Do they? for example, I was thinking of the simple system call chown. Does it call other system calls like read and write? How can we find out?


Sort of.

Kernel (e.g. Linux) has own internal system call interface, so one system call can usually call other system call, without need to setup the entire system call procedure.

How to find out? You have the kernel sources, you have probably grep, so you could find out.

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    or truss/strace the first command/call... – Jeff Schaller Dec 20 '16 at 13:21
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    @JeffSchaller: How's strace going to show you subsequent internal calls? AFAIK, strace only shows system calls from userspace to kernel. If you can also trace internal calls, I'd like to know how. – dirkt Dec 20 '16 at 14:28
  • @JeffSchaller: Exactly. I use strace for my tracing purposes. and as said, it doesn't give me the internal calls – MoeKav Dec 20 '16 at 15:06
  • perf can show you stack traces that include the internal kernel calls – Alnitak Dec 20 '16 at 16:08
  • good point, @dirkt - I was stuck in userspace :) – Jeff Schaller Dec 20 '16 at 16:26

Yes they do. For example the fork system call actually calls the clone system call. We can also use the clone system call for finer control over the child process.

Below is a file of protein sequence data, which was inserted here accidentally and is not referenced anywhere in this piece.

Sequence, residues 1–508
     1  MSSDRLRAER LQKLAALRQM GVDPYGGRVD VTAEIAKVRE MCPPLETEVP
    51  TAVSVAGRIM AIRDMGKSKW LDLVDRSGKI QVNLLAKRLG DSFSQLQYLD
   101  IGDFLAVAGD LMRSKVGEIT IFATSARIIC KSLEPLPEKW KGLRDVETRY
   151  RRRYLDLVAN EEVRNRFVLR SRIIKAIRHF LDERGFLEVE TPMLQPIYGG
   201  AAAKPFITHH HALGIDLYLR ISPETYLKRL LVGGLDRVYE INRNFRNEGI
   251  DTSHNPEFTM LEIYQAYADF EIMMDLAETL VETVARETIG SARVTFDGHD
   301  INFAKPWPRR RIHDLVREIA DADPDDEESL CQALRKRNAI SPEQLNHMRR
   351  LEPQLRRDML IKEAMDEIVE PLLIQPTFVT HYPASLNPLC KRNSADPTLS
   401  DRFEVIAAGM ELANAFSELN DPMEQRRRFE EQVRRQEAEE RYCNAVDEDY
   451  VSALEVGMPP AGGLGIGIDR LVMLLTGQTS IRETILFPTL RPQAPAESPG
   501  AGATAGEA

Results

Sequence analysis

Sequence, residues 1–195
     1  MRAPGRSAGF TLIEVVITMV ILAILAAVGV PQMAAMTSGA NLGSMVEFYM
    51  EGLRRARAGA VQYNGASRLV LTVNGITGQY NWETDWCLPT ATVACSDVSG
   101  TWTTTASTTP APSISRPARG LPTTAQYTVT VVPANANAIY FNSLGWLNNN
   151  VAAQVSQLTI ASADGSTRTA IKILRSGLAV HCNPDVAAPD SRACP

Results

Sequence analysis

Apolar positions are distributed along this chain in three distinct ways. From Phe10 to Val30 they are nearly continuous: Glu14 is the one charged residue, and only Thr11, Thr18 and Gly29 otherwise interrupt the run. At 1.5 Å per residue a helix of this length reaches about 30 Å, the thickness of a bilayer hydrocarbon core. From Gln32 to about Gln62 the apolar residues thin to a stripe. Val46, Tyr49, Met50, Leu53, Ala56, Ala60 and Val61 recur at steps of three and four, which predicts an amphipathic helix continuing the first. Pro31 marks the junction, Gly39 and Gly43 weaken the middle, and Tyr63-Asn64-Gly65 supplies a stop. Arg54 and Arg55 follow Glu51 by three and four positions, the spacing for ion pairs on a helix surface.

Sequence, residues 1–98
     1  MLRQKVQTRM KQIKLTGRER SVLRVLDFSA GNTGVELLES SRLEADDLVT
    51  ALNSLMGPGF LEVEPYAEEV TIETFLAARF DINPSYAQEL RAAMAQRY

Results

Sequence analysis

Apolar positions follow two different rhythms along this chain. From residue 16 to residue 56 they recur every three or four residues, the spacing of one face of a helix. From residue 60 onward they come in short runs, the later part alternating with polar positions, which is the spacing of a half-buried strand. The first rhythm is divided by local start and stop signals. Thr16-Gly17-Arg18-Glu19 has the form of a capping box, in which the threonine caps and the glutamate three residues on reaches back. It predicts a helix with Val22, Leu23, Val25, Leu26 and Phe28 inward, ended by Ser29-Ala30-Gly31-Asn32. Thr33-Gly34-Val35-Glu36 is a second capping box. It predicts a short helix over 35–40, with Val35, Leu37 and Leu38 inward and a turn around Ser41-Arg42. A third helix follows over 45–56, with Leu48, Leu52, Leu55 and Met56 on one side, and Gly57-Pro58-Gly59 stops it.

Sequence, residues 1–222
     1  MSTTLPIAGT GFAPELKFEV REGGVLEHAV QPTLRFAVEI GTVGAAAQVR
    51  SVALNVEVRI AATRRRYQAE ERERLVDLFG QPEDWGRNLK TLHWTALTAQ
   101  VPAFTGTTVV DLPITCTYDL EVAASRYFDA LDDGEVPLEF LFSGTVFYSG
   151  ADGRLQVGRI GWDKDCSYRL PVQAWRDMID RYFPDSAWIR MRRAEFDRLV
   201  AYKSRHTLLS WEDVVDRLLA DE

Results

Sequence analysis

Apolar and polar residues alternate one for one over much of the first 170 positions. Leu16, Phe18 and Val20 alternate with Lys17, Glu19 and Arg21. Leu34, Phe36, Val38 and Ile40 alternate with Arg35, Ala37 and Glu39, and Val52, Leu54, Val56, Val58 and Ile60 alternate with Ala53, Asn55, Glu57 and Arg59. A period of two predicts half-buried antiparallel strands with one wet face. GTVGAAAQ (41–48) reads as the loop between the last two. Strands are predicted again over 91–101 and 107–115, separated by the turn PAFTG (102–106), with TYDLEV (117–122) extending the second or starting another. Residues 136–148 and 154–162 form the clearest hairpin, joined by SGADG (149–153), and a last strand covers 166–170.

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    No, the fork() syscall doesn't call the clone() syscall. No syscall is calling another syscall, which doesn't even make sense. What's probably confusing you is that glibc (ie. the userland C library) now implements the fork() function as a wrapper around the clone() not the fork() system call, which is clearly showing when strace-ing or debugging a program (fork() = clone(CLONE_CHILD_CLEARTID|CLONE_CHILD_SETTID|SIGCHLD)) – mosvy Jun 23 '19 at 7:14
  • Sorry for the mistake. The old fork() syscall doesn't call clone(). The the glibc wrapper function fork() calls the syscall : clone(). Thanks @mosvy for pointing that out. – Tezeswar Jun 23 '19 at 7:31

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